Eminent Domain: A letter to Senator Frist
"Americans remain vulnerable to government's ability to snap up a family's home or church today and turn it into a mansion tomorrow."
--Scott A. LaGanga, executive director, Property Rights Alliance
Today 53 national and state property rights organizations sent a message to Senate majority leader Bill Frist according to U.S. Newswire. They're asking that the Senate Judiciary Committee to pick up the pace and schedule a hearing on H.R. 4128, the "Private Property Rights Protection Act of 2005" which was passed by the House last November. The bill has languished in the Senate Judiciary Committee. Download the letter. Perhaps this letter will inspire Senator Arlen Specter (R-Pennsylvania), chairman of the Judiciary Committee.
LaGanga visited New Jersey on March 13 when he spoke at the Assembly Commerce & Economic Development Committee's hearing on eminent domain as a guest of Assemblyman Guy Gregg (R-Sussex, Morris, Hunterdon). "There is no circumstance under which government should take property that is up-to code from a taxpayer simply to boost economic development plans," said Gregg. "Property ownership is one of our fundamental constitutional rights. An individual should be able to own property without fear that the government will seize that property without just compensation."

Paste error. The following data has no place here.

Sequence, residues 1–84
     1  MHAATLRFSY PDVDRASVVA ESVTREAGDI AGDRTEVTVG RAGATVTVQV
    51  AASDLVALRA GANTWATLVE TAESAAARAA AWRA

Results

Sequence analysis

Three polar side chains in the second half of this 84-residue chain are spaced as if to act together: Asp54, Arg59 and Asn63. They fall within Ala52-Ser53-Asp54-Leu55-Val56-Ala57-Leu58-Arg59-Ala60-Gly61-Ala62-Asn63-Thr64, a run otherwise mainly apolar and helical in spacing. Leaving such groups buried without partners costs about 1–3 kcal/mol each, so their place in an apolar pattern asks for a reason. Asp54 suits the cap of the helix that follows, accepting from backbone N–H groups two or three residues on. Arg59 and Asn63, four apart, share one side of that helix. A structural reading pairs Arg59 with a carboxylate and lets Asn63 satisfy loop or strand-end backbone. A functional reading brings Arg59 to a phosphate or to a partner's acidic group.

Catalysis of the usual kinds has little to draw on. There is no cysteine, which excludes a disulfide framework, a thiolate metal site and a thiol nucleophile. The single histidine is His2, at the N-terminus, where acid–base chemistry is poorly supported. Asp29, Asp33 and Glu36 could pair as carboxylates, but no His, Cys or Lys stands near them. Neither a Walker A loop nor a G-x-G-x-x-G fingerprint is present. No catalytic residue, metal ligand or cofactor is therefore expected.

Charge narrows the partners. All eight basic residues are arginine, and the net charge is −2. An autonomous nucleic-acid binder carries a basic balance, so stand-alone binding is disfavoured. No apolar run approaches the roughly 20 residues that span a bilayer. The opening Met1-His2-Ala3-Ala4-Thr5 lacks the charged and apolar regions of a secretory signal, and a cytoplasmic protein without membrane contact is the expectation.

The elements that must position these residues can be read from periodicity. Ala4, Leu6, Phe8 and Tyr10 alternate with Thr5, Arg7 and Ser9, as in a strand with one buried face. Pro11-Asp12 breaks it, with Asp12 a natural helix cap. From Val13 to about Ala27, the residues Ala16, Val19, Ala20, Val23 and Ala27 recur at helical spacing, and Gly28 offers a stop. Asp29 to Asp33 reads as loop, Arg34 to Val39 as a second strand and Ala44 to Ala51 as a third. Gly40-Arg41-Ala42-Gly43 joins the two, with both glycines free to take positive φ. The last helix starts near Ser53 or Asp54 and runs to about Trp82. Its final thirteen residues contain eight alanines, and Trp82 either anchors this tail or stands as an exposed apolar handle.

"There are numerous other ways to encourage economic growth and redevelopment without the takings of an individual's or business owner's property," LaGanga said at the hearing. "Economic development districts, tax incentives, tax increment financing, infrastructure
improvements and relaxed or expedited permitting are just a few ways in which to remedy the situation."
Your readers might like to take a look at this article, a shorter version of which will appear in the November 2006, Stetson Law Review:
Ryskamp, John Henry, "The New Constitution: The Eminent Domain Revolt and Its Consequences" (December 29, 2005). Available at SSRN: http://ssrn.com/abstract=562521 or DOI: 10.2139/ssrn.562521